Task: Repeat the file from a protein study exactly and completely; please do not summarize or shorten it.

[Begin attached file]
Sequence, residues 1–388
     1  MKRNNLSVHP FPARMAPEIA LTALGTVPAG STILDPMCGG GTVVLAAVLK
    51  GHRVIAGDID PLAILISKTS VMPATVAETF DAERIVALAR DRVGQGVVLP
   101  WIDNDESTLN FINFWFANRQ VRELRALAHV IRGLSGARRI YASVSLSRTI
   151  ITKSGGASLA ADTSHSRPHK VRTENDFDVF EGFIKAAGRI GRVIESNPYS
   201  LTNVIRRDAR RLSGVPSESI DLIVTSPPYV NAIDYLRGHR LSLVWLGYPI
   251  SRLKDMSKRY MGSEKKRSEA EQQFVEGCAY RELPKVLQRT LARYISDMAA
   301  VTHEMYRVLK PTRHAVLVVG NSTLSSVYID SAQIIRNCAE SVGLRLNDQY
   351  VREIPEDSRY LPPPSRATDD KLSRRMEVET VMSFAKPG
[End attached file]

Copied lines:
Sequence, residues 1–388
     1  MKRNNLSVHP FPARMAPEIA LTALGTVPAG STILDPMCGG GTVVLAAVLK
    51  GHRVIAGDID PLAILISKTS VMPATVAETF DAERIVALAR DRVGQGVVLP
   101  WIDNDESTLN FINFWFANRQ VRELRALAHV IRGLSGARRI YASVSLSRTI
   151  ITKSGGASLA ADTSHSRPHK VRTENDFDVF EGFIKAAGRI GRVIESNPYS
   201  LTNVIRRDAR RLSGVPSESI DLIVTSPPYV NAIDYLRGHR LSLVWLGYPI
   251  SRLKDMSKRY MGSEKKRSEA EQQFVEGCAY RELPKVLQRT LARYISDMAA
   301  VTHEMYRVLK PTRHAVLVVG NSTLSSVYID SAQIIRNCAE SVGLRLNDQY
   351  VREIPEDSRY LPPPSRATDD KLSRRMEVET VMSFAKPG